Sportswriters instructed Nats fans not to show up to the stadium unless they plan to boo Harper. Metro TV personalities smashed a pinata with the six-time All-Star’s photograph. Fans destroyed their No. 34 jerseys and showed up to the ballpark with signs that read “traitor.” The mayor of Washington D.C. took to social media to compare a baseball player to Benedict Arnold.

And yet, on Monday it was revealed in The Washington Post that the Nationals didn't just offer Harper less money and fewer years than the Phillies. The structure of the 10-year, $300 million contract proposed in September would’ve deferred payment on $100 million – 33 percent of the total value – until 2052. Then, in January, the club followed up with an even worse deal: 12 years, $250 million that wouldn’t be fully paid until the year 2072.

Harper would be 79 in 2072, assuming he lived that long.

There’s loyalty and hometown discounts. Then there’s situations that just don’t make sense.

Now seems like a good time to point out the Nationals are owned by Ted Lerner, whose own net worth is estimated to be in the multi billions. The team has done pretty well for itself at the gate, finishing 11th in Major League Baseball in average attendance in 2018 despite some of the highest ticket prices in the game. And while the TV contract is in dispute, the organization will eventually claim hundreds of millions of dollars in right fees dating back to 2012.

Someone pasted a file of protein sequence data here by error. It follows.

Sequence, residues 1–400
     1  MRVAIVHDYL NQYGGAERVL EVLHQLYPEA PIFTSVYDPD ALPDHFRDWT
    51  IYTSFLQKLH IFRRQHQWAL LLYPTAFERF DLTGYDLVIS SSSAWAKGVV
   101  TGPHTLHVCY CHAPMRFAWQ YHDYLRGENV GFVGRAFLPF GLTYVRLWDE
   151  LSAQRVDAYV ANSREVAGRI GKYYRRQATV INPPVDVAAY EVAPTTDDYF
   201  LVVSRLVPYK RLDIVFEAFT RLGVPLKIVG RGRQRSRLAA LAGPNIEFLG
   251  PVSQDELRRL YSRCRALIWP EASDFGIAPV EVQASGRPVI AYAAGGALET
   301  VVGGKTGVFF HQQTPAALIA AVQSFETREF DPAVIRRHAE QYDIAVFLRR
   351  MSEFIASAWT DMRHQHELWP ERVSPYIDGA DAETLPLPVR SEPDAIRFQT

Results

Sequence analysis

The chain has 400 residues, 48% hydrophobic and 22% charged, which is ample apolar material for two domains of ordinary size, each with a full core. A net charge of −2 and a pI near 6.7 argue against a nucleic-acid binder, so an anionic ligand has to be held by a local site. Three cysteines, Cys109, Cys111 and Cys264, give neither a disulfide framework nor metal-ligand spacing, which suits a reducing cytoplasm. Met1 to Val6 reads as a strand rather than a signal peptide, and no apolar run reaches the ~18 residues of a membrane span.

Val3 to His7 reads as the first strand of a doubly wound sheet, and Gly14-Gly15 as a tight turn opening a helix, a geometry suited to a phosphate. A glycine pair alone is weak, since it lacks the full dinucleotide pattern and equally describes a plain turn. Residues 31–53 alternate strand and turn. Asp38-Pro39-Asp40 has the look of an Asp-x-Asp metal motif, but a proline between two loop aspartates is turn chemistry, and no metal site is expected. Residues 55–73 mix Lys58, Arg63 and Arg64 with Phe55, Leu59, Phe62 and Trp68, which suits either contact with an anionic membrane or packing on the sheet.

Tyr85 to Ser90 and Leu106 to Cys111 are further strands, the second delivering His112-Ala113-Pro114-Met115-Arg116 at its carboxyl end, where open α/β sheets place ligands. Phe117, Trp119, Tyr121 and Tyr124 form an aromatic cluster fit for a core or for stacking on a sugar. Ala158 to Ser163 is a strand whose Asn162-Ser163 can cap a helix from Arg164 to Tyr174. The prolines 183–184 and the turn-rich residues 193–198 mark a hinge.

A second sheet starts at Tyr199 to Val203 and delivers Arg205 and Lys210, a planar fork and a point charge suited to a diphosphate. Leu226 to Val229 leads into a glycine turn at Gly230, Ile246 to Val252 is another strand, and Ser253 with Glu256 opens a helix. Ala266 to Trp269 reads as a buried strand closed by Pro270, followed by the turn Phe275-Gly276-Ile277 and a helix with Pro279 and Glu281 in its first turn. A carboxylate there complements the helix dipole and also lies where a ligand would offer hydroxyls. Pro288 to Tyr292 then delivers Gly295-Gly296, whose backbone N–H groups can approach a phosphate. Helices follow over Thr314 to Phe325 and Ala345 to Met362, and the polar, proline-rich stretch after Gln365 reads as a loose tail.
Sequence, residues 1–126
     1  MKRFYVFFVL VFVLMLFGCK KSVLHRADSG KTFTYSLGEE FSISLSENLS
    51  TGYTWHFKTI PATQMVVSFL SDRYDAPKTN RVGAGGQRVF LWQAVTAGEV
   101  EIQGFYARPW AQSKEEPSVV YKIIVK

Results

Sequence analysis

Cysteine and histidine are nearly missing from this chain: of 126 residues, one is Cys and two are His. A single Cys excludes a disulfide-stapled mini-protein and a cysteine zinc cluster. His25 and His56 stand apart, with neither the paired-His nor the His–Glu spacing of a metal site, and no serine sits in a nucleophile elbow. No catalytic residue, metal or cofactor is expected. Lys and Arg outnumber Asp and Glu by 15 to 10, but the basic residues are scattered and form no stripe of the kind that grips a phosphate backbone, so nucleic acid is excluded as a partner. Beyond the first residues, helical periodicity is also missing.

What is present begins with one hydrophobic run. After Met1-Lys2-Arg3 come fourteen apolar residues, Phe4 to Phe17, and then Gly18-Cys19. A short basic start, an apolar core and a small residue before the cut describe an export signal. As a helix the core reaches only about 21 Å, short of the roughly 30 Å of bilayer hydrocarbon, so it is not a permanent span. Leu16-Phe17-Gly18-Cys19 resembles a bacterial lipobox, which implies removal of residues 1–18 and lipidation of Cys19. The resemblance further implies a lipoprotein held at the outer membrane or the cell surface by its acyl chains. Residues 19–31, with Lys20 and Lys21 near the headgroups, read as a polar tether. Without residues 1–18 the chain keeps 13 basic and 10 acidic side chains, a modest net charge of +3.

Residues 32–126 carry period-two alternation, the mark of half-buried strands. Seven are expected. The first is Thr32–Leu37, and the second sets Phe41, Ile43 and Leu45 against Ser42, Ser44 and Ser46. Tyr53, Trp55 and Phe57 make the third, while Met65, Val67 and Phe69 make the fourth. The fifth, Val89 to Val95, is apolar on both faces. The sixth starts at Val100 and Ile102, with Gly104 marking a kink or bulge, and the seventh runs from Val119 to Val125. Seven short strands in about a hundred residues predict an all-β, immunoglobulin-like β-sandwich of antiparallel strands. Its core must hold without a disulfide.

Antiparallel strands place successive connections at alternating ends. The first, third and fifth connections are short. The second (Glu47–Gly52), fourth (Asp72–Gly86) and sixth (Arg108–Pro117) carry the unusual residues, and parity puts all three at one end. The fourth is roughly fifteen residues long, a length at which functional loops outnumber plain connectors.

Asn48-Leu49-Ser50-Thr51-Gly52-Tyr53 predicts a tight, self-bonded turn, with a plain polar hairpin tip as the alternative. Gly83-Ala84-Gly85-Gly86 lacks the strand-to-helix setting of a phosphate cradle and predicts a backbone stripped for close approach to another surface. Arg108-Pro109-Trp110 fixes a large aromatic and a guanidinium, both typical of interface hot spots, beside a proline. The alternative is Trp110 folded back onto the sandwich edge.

The money was there. Even without Harper, the Nationals have the seventh-largest payroll in baseball this season – never mind management’s inability to construct a winning team with that checkbook.

Why is this coming back on the player?

It’s one thing for fans to suggest a professional athlete should consider taking less money. It’s quite another to argue the athlete should sign a contract where a sizable portion of the cash might be paid when he’s living in a nursing home.

On some level, this is all reminiscent of when Jayson Werth pulled a reverse-Harper and left the Phillies to sign with the NL East rival Nationals in in 2011. The Phillies chose to allocate finances in such a way the club decided it would only retain Werth for below-market value, so he left. Fans weren’t happy, and he was booed every time he came to town.

But Werth wasn’t a generational talent. He was a cog, people ultimately understood he got a better deal, plus letting him go meant the Phillies could re-sign Cliff Lee, for example.

The Nationals let the face of baseball leave D.C. without a serious offer, and all they got was the money to sign Patrick Corbin.

Hey, it happens, and Nats fans should boo Harper for all 13 years in red pinstripes, the same as any Philly fan would in their shoes.

Just don’t cry Harper is a traitor. He’s in a Phils uniform because the Nationals screwed up, and the only place fingers need to be pointed is directly at the front office.

Click here to download the MyTeams App by NBC Sports! Receive comprehensive coverage of your teams and stream the Flyers, Sixers and Phillies games easily on your device.